In our previous work, the ratio used to probe neutrino mass hierarchy is the ratio of the total interactions of NC to those of IBD, which require reconstruction of the entire spectrum of SN neutrinos from detected events, \(dN/dT^{\prime }\) and \(dN/dE_{e^+}\). By exploring SN neutrino physics with a fixed set of parameters, we have shown that the capability of using SN neutrinos to probe neutrino parameters. In this work we would like to expand the parameter space of SN neutrinos by releasing the energy-equipartition condition and taking into account more combinations of mean energies of different flavors. we would also construct more realistic observables directly and explicitly related with detected events, \(dN/dT^{\prime }\) and \(dN/dE_{e^+}\), instead of the ratio of interactions.

4 Resolving neutrino mass hierarchy

Energy equipartition between all flavors is commonly assumed during the entire SN neutrino burst. However, neutrino emissions actually evolve with time as the SN explodes. An important feature of the evolution of SN neutrino emissions is that the hierarchy of luminosities in accretion and cooling phases are reversed. For our present understanding [31, 45], \({{\mathcal {L}}_{\nu _e}}\approx {{\mathcal {L}}_{{\bar{\nu }}_e}}>{{\mathcal {L}}_{\nu _x}}\) during the accretion phase and \({{\mathcal {L}}_{\nu _e}}\approx {{\mathcal {L}}_{{\bar{\nu }}_e}}<{{\mathcal {L}}_{\nu _x}}\) during the cooling phase. Therefore, while \({{\mathcal {L}}_{\nu _e}}\approx {{\mathcal {L}}_{{\bar{\nu }}_e}}\), \({{\mathcal {L}}_{\nu _x}}/{{\mathcal {L}}_{\nu _e}}\) grows as SN neutrino emissions evolve from the accretion phase into the cooling phase. In addition to scan over plausible ranges for luminosity ratios, we check three specific scenarios corresponding to the accretion phase, the equipartition model, and the cooling phase, respectively, as in Table 1.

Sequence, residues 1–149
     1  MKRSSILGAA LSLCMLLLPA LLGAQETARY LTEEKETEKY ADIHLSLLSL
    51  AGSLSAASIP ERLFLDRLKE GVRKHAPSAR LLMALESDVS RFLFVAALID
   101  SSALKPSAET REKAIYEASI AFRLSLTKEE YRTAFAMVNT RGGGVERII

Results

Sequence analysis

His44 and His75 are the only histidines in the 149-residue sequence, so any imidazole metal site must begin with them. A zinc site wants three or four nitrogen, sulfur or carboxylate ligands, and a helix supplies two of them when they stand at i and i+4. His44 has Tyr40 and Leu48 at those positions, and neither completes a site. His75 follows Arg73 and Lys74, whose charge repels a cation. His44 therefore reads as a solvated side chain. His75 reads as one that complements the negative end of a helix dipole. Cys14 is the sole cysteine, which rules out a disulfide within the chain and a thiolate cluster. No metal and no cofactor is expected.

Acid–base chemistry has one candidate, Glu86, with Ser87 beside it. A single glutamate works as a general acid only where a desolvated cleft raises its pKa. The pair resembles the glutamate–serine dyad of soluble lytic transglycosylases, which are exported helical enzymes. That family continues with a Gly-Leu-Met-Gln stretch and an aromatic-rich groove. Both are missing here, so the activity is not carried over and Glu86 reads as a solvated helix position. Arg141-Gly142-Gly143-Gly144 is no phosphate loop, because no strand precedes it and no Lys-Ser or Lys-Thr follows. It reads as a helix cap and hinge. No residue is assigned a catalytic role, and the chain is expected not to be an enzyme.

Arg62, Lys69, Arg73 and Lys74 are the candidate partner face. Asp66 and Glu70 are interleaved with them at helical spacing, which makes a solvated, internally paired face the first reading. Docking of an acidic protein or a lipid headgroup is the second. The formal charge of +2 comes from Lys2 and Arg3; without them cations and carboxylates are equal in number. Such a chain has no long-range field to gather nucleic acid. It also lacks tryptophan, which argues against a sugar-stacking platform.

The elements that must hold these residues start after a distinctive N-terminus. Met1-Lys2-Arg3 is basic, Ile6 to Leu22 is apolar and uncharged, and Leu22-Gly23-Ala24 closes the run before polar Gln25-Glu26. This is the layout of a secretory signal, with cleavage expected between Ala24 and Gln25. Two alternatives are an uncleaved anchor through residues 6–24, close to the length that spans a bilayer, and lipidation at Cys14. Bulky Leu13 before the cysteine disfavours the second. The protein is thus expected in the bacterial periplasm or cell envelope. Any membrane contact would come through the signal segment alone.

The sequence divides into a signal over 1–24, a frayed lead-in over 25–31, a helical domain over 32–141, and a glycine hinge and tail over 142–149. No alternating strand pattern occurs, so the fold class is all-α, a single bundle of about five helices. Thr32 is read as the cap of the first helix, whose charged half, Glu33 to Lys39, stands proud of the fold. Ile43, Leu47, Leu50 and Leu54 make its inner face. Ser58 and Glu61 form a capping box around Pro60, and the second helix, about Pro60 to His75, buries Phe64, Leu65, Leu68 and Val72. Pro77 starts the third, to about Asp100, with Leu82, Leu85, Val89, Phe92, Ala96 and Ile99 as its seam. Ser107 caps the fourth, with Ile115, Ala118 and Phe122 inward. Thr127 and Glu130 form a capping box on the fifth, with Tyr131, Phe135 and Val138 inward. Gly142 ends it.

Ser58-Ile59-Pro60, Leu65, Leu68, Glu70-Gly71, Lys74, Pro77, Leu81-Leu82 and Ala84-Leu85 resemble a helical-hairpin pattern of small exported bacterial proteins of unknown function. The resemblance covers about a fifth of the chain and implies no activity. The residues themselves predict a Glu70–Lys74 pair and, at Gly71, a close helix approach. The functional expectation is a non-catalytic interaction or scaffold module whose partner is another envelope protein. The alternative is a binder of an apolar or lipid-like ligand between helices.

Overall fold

Fig. 1

Ratios R of IBD events to NC events in JUNO for different energy compositions in \(\nu _e\), \({\bar{\nu }}_e\), and \(\nu _x\) for the normal mass hierarchy on the upper panel and for the inverted mass hierarchy on the lower panel. From left to right, the three columns correspond to three different sets of neutrino mean energies of \((<E_{\nu _e}>,<E_{{\bar{\nu }}_e}>, <E_{\nu _x}>)\) taken from Sect. 2. R values are scanned over \(0.7<{{\mathcal {L}}_{{\bar{\nu }}_e}}/{{\mathcal {L}}_{\nu _e}}<1.5\) and \(0.5<{\mathcal L_{\nu _x}}/{{\mathcal {L}}_{\nu _e}}<2.0\)

Fig. 2

Ratios R of IBD events to NC events in LENA for different energy compositions in \(\nu _e\), \({\bar{\nu }}_e\), and \(\nu _x\) for the normal mass hierarchy on the upper panel and for the inverted mass hierarchy on the lower panel. From left to right, the three columns correspond to three different sets of neutrino mean energies of \((<E_{\nu _e}>,<E_{{\bar{\nu }}_e}>, <E_{\nu _x}>)\) taken from Sect. 2.1. R values are scanned over \(0.7<{{\mathcal {L}}_{{\bar{\nu }}_e}}/{{\mathcal {L}}_{\nu _e}}<1.5\) and \(0.5<{\mathcal L_{\nu _x}}/{{\mathcal {L}}_{\nu _e}}<2.0\)